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June 10, 1905


JAMA. 1905;XLIV(23):1859-1860. doi:10.1001/jama.1905.02500500039008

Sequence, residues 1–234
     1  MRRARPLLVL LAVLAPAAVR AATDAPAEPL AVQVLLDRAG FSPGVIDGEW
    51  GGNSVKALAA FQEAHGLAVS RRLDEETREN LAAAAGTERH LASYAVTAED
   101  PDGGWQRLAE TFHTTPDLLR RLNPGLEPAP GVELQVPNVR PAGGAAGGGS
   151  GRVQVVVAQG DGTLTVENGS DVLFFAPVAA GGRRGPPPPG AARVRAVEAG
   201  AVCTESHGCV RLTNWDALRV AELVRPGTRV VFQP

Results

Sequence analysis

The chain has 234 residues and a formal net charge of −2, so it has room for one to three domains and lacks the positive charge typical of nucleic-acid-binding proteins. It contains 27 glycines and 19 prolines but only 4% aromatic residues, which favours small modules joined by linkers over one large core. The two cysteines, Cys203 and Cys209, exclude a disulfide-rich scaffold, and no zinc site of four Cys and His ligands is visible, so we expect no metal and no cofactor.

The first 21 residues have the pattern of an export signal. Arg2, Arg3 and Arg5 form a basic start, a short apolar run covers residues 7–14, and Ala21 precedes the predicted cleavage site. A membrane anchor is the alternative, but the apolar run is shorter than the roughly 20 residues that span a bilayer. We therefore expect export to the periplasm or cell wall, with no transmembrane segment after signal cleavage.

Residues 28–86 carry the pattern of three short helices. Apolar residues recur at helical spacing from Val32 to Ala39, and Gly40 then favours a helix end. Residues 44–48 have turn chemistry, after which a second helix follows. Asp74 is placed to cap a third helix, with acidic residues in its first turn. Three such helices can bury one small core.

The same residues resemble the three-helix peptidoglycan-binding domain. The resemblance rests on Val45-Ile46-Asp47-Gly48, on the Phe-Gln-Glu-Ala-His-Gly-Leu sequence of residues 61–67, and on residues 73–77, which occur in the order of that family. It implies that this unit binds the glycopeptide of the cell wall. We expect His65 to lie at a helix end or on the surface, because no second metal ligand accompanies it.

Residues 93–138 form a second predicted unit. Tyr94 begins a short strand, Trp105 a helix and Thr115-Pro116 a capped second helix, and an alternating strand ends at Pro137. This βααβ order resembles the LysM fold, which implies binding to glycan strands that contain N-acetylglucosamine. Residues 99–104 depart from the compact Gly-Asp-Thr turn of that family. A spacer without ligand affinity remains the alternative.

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It is usually considered that amenorrhea, especially if it asserts itself after menstruation has once been thoroughly established, is due to some affection of the genital tract. As a matter of fact, however, the cessation is more likely to be the consequence of some systemic disease. The cessation of the menses in young women may be the first signs of tuberculosis, when there is otherwise little general disturbance of the health. As a matter of fact, menstruation and the menstrual period in women present conditions, modifications of which in various ways point more often to an active tuberculous process in the system than almost any other set of symptoms. Recently it has been noted that chlorosis is reported much less frequently than used to be the case, and there would seem to be a lessening of the prevalence of this blood affection in America. It has been suggested, however, that

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